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Tuesday, December 11, 2018
UNITED NATIONS, May 10 2016 (IPS) - The UN wants to create a new Global Compact to encourage countries to share the responsibility for hosting the 19 million refugees who have fled their home countries.
The success of a UN summit on refugees and migration planned for September this year “will hinge on the strength” of the proposed compact, Sherif Elsayed-Ali, Deputy Director of Global Issues at Amnesty International told IPS.
Elsayed-Ali said that a small number of states have been expected to deal with a huge number of refugees while wealthier countries that could be doing a lot more “are not doing very much.”
One of the countries that has born a disproportionate burden of hosting refugees for decades is Kenya.
Elsayed-Ali said that the Kenyan government’s recent renewed threat to close down the world’s largest refugee camp and deport thousands of Somalis is “a manifestation of the complete failure to uphold responsibility sharing as it should be.”
“The situation has come to what it is now partially because the international community has ignored situations like the Somali refugee crisis in Kenya,” he said.
Kenya is not the only developing country struggling to cope with hosting refugees. Almost nine out of ten refugees live in developing countries, Karen AbuZayd, Special Adviser to the Secretary General on the Summit on Addressing Large Movements of Refugees and Migrants told journalists here Monday.
AbuZayd was appointed by UN Secretary-General Ban Ki-moon to convene the September summit as a key part of the UN’s response to the ongoing global refugee crisis.
A report released here Monday “In Safety and Dignity: Addressing Large Movements of Refugees and Migrants” details Ban’s hopes for the summit, including his plans for the Global Compact.
AbuZayd said that the summit was partly needed to remind member states of the international laws they have already agreed to follow.
“We’ve come to this point that we have to have another summit about this and remind people of their previous commitments,” she said.
The summit will also propose new solutions, including a plan to increase development aid to host countries.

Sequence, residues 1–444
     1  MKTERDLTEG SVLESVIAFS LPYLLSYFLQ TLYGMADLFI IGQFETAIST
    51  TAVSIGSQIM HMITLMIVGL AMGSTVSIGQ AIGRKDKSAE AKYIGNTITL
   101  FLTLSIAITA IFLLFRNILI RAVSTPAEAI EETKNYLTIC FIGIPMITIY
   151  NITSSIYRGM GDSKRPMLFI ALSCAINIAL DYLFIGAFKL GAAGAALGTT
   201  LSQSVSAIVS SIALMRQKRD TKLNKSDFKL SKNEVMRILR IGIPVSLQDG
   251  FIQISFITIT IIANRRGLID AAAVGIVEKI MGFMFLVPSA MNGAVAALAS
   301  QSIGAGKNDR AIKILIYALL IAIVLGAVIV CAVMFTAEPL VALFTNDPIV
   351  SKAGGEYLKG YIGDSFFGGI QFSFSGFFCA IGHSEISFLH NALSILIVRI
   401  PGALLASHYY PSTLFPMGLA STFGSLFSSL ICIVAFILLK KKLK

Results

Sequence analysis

Countries like Turkey, Lebanon and Jordan, which are hosting millions of Syrian refugees, have been calling for increased international assistance to help them bear the financial burden of shelter, education and healthcare for millions of refugees.
“There needs to be proper funding for Jordan, Lebanon and Turkey, for the financial costs of hosting a large refugee population,” said Elsayed-Ali.
However, it is unclear whether the proposed Global Compact plans to address the issue of rich countries paying poorer countries to host refugees for them.
IPS asked UN Deputy Jan Eliasson, Deputy Secretary-General about this issue here Monday and he said that it was one of many reasons demonstrating the urgency and relevance of the initiative. However Eliasson did not provide details as to how the issue could be specifically addressed.
So far one of the few countries to adopt this approach has been Australia. Elsayed-Ali described Australia’s policy of settling refugees in Papua New Guinea, Nauru and Cambodia as “completely disastrous.”
“Essentially Australia is absolving itself of its core responsibility under international refugee law,” he said.
Referring to the conditions on Nauru where two refugees have recently resorted to self-immolation in protest, Elsayed-Ali said that “almost no independent observers have been able to go and see the situation or talk to the refugees.”
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